American Journal of Animal and Veterinary Sciences

Prevalence of Escherichia Coli in Some Selected Foods and Children Stools with Special Reference to Molecular Characterization of Enterohemorrhagic Strain

R. Farhan, S. Abdalla, H. A. Abdelrahaman, N. Fahmy and E. Salama

DOI : 10.3844/ajavsp.2014.245.251

American Journal of Animal and Veterinary Sciences

Volume 9, Issue 4

Pages 245-251


Escherichia coli is one of the most important etiologic agents of childhood diarrhea that represents a major public health problem in developing countries and now is being recognized as emerging entero-pathogens in the well developed countries. Among the diarrhegenic Escherichia Coli (DEC) this work was focused on the Enterohemorrhagic Escherichia Coli (EHEC) that produce Shigatoxins (Stxs). The infection is mainly transmitted through food of bovine origin such as beef and dairy products that has been often associated with outbreaks which ranged from mild diarrhea to the life-threatening hemolytic uremic syndrome. The aim of this study was to evaluate the incidence of potentially virulent STEC isolates from minced meat, some selected dairy products and from children clinical cases. Out of 360 samples, a total of 115 E.coli isolates were recovered as following 35 (30.43%) isolate from meat, 21 (18.26%) from raw milk, 31 (26.96%) from cheese and 28 (24.35%) from children stool. The identification were based on Microscopical examination, Biochemical identification and Serotyping. Twenty eight isolates were identified serologically. O26:K60 serotype 6 (21.4%) was found to be the most prevalent serotype. Screening for virulence genes (Stx1, Stx2, eaeA, hlyA) was done using multiplex PCR, which revealed detection of the target genes in 10 out of 115 (8.7%) examined samples. About 7 (70%) samples possessed eaeA gene alone; while 2 (20%) samples contained Stx2 gene. Both Stx1 and eaeA genes were detected in 1(10%) sample only.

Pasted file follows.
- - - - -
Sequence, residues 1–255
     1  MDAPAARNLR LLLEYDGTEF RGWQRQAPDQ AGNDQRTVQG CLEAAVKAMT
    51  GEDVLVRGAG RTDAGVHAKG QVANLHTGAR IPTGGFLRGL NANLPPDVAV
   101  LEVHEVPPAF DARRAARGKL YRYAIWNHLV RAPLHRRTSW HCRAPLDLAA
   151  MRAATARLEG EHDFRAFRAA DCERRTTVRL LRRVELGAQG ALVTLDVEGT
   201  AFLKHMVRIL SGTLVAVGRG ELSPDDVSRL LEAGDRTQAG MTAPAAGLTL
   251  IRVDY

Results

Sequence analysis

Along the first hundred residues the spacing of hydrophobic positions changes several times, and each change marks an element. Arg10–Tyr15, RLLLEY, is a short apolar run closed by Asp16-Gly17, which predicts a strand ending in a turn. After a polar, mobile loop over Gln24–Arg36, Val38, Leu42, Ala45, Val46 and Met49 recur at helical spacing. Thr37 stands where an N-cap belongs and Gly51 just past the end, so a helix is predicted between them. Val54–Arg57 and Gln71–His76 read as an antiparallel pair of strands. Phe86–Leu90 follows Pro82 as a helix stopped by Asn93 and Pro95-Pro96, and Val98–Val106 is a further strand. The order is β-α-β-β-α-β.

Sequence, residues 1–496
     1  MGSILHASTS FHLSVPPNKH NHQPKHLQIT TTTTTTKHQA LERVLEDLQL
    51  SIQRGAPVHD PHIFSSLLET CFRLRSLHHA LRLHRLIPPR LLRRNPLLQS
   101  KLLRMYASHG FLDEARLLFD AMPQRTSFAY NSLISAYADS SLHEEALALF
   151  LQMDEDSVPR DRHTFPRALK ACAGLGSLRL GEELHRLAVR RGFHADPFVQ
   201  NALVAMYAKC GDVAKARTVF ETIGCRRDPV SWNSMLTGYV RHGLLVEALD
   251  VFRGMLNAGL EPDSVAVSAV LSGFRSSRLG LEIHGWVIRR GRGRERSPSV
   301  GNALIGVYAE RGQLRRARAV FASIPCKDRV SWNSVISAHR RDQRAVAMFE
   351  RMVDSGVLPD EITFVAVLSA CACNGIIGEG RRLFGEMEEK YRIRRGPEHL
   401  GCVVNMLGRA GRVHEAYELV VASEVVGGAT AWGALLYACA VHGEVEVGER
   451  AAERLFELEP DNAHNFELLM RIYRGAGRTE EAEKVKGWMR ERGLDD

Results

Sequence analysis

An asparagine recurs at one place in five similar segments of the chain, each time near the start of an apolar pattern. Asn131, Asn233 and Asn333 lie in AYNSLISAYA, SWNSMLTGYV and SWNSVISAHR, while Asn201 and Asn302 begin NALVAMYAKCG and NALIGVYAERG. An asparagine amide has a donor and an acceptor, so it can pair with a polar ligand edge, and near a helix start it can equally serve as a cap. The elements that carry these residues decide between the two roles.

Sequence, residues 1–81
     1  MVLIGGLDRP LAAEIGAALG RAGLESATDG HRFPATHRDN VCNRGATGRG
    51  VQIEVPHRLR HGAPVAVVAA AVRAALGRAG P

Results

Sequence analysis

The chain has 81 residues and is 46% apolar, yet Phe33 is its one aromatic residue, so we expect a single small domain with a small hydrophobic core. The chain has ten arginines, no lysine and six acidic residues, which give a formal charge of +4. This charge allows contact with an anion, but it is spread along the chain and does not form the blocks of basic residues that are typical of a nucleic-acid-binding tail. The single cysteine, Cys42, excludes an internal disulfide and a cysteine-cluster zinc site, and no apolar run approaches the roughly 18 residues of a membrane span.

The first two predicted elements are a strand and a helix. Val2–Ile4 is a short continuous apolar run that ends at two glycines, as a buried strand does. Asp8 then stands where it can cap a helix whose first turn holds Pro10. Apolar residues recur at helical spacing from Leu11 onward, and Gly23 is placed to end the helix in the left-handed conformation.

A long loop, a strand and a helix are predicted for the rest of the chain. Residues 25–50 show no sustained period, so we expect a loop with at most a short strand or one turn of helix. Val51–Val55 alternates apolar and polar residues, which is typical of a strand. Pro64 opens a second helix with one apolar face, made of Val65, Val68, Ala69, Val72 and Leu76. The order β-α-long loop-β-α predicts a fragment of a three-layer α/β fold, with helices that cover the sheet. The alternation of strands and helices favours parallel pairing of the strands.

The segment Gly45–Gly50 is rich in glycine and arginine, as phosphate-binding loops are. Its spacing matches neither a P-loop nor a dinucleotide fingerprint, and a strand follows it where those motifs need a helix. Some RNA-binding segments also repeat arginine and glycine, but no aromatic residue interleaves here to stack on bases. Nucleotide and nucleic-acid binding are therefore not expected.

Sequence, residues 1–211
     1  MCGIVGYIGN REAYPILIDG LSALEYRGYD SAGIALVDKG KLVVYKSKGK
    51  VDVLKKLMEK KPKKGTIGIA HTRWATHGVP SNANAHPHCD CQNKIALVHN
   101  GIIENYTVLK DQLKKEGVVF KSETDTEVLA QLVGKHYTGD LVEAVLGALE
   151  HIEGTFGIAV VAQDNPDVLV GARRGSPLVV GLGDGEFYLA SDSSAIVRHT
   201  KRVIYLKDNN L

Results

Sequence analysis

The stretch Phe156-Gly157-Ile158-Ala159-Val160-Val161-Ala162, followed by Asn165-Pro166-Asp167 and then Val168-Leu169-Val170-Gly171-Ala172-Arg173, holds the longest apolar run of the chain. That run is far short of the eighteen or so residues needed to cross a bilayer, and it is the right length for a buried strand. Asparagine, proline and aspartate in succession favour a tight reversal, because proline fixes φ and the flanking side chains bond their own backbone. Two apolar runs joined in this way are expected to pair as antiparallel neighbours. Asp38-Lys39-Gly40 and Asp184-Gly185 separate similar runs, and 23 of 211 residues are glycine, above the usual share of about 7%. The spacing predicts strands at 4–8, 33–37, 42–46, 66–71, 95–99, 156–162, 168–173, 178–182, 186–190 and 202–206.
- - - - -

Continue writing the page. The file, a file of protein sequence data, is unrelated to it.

© 2014 R. Farhan, S. Abdalla, H. A. Abdelrahaman, N. Fahmy and E. Salama. This is an open access article distributed under the terms of the Creative Commons Attribution License, which permits unrestricted use, distribution, and reproduction in any medium, provided the original author and source are credited.